Robot 6

How to successfully pitch a superhero comic

from S.H.O.O.T. First by Justin Aclin and Ben Bates

from S.H.O.O.T. First by Justin Aclin and Ben Bates

It was an awesome thing to behold. My friend Justin Aclin — editor of ToyFare magazine, head writer of Twisted ToyFare Theater, and author of the graphic novel Hero House — came up with a great idea for a comic, about a super-powered team of militant atheists who track down and kill supposedly supernatural entities for meddling in humanity’s affairs. This was on a Monday. On Tuesday he pitched it to Dark Horse. On Wednesday it was greenlit. From idea to approval in under 48 hours. Amazing, right?

By now you’ve seen the end result: S.H.O.O.T. First, an eight-page story from the final issue of MySpace Dark Horse Presents. But if you’re an aspiring comics writer, perhaps you wanna see exactly how Aclin managed to catch lightning in a bottle in the first place.

Fortunately, he’s got your hook-up: On his blog, Aclin has posted his successful proposal for the comic. It sets up the concept, introduces the characters, and walks you through the plot of the initial short story in seven paragraphs and one catchphrase — pretty much a how-to for clear, concise, compelling comics pitches. Read and learn.

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Comments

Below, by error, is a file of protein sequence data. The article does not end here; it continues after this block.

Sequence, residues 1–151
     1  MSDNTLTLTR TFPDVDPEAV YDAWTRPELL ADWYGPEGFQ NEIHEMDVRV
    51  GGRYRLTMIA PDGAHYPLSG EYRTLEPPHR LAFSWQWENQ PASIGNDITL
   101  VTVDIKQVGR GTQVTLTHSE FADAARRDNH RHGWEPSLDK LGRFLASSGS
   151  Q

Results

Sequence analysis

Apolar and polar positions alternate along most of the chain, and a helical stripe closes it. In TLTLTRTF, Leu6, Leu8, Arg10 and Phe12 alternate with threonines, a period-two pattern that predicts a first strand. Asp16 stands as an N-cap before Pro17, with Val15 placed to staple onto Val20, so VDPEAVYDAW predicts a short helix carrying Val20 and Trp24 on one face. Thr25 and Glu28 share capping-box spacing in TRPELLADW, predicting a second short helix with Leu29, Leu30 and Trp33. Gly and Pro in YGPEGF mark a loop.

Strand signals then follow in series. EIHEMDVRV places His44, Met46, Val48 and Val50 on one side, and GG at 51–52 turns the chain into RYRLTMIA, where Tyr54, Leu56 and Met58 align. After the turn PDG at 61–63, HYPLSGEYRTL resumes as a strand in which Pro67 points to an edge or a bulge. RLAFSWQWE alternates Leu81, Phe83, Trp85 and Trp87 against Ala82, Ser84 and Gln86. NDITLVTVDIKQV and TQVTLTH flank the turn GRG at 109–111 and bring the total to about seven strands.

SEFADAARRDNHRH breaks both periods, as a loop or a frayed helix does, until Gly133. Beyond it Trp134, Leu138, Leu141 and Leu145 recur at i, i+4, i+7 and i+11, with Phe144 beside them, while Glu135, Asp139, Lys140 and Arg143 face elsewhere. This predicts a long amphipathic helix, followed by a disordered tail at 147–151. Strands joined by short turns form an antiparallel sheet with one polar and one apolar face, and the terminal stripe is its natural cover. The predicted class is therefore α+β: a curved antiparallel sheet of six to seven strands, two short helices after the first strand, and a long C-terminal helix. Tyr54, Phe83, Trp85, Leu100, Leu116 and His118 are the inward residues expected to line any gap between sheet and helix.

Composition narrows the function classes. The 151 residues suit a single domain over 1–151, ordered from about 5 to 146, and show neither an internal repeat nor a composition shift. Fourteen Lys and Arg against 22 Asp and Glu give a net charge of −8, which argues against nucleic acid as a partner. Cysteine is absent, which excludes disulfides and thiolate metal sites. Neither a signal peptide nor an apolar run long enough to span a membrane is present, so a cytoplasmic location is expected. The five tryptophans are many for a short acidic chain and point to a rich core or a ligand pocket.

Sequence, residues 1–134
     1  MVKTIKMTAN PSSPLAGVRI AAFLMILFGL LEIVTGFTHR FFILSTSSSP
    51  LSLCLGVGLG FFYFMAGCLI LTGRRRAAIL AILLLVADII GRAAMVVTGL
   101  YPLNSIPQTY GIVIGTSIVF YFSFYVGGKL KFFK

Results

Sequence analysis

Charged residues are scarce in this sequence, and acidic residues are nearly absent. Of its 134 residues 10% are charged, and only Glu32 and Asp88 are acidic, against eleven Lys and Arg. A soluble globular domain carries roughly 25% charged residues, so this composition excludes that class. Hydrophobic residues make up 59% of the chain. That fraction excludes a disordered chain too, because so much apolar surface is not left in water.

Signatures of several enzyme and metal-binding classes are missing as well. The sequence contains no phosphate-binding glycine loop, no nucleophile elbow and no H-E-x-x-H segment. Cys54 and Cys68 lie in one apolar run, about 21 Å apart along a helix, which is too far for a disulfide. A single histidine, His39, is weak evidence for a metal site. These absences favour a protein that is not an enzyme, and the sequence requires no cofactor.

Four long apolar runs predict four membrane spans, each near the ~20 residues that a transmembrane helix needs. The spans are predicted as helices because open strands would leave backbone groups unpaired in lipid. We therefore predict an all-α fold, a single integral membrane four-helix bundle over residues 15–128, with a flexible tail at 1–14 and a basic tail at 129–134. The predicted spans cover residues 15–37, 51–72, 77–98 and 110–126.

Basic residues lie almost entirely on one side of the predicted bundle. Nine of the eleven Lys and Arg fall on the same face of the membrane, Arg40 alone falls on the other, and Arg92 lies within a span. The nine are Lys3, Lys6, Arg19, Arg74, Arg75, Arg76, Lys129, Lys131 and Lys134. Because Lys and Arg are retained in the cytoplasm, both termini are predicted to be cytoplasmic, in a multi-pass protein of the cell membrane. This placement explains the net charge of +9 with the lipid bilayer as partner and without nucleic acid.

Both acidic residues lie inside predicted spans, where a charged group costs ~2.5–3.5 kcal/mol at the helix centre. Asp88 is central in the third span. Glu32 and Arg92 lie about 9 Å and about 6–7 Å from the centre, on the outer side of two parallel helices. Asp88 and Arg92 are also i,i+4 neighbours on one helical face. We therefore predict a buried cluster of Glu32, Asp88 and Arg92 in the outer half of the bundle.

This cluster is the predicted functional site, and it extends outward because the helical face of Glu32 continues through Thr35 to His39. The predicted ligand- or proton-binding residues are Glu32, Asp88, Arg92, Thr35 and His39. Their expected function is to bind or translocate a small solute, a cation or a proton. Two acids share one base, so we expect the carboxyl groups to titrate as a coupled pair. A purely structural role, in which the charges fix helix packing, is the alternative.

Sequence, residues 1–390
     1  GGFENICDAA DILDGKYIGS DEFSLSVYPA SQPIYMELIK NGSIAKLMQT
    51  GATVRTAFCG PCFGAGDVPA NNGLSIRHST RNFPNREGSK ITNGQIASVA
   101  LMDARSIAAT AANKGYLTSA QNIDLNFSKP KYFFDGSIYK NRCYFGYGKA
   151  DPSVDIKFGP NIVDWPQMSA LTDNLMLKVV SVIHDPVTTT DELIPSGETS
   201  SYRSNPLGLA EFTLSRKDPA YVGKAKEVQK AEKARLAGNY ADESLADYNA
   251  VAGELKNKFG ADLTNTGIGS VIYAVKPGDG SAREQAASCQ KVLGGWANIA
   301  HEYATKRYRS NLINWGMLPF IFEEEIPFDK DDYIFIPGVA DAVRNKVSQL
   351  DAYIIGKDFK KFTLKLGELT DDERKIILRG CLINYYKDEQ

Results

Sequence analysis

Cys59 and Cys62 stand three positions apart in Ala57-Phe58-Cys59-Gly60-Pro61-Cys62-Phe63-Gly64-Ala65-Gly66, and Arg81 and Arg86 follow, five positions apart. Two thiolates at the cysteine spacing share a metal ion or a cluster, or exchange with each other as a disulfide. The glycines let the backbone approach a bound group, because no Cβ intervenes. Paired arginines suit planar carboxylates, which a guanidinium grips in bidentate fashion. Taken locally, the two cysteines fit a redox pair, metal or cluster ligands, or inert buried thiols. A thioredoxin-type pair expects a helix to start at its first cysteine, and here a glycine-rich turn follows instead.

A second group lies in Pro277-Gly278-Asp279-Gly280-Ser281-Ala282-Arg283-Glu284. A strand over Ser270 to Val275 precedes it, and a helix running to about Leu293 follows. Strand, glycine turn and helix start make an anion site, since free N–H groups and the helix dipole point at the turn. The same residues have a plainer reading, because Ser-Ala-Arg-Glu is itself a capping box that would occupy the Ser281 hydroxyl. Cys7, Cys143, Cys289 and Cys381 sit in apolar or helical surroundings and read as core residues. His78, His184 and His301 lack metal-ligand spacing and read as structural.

2 Comments

Steven R. Stahl

June 3, 2010 at 10:54 am

On Aclin’s blog, there was this:

I was kind of expecting the core of the concept to take some religious people aback, but so far, at least, nearly all of the controversy over it has come from atheists! I’m hoping to keep the conversation going now that the story is out (it premiered online yesterday at Comic Book Resources, along with another interview with me) and people can hopefully see how the idea works in execution (heh), not just in theory.

and

Lord Byron tries to convince the demon to leave the girl willingly, but it’s understandably reluctant. So Bett pulls out the big guns—literally. They’re guns that shoot metaphysical bullets, which should pass harmlessly through a human and injure the demon residing within. The demon doesn’t buy it, but rather than risk being a sitting duck it jumps out of the girl and tries to jump through the second story window to freedom, but Bett is able to grab it and execute it.

If the atheists are routinely dealing with metaphysical entities, why are they atheists? An analogy would be the Ghostbusters written as people who don’t believe in ghosts, so they go out and trap spirits who are pretending to be ghosts.

SRS

Sean T. Collins

June 3, 2010 at 11:02 am

You realize Brian Bendis didn’t write this, right?

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